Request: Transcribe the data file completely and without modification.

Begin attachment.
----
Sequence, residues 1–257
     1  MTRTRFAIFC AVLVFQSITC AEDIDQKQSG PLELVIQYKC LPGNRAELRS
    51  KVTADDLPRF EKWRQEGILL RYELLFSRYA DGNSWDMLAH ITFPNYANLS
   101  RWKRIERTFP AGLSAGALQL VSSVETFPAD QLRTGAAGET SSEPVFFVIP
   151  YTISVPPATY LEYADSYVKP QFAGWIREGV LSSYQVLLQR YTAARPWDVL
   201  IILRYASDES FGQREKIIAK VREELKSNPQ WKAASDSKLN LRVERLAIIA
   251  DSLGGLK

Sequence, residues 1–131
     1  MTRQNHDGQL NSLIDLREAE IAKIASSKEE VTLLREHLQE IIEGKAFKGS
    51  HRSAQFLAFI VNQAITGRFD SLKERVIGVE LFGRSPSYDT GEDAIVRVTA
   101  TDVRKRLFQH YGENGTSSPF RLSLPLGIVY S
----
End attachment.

Sequence, residues 1–257
     1  MTRTRFAIFC AVLVFQSITC AEDIDQKQSG PLELVIQYKC LPGNRAELRS
    51  KVTADDLPRF EKWRQEGILL RYELLFSRYA DGNSWDMLAH ITFPNYANLS
   101  RWKRIERTFP AGLSAGALQL VSSVETFPAD QLRTGAAGET SSEPVFFVIP
   151  YTISVPPATY LEYADSYVKP QFAGWIREGV LSSYQVLLQR YTAARPWDVL
   201  IILRYASDES FGQREKIIAK VREELKSNPQ WKAASDSKLN LRVERLAIIA
   251  DSLGGLK

Sequence, residues 1–131
     1  MTRQNHDGQL NSLIDLREAE IAKIASSKEE VTLLREHLQE IIEGKAFKGS
    51  HRSAQFLAFI VNQAITGRFD SLKERVIGVE LFGRSPSYDT GEDAIVRVTA
   101  TDVRKRLFQH YGENGTSSPF RLSLPLGIVY S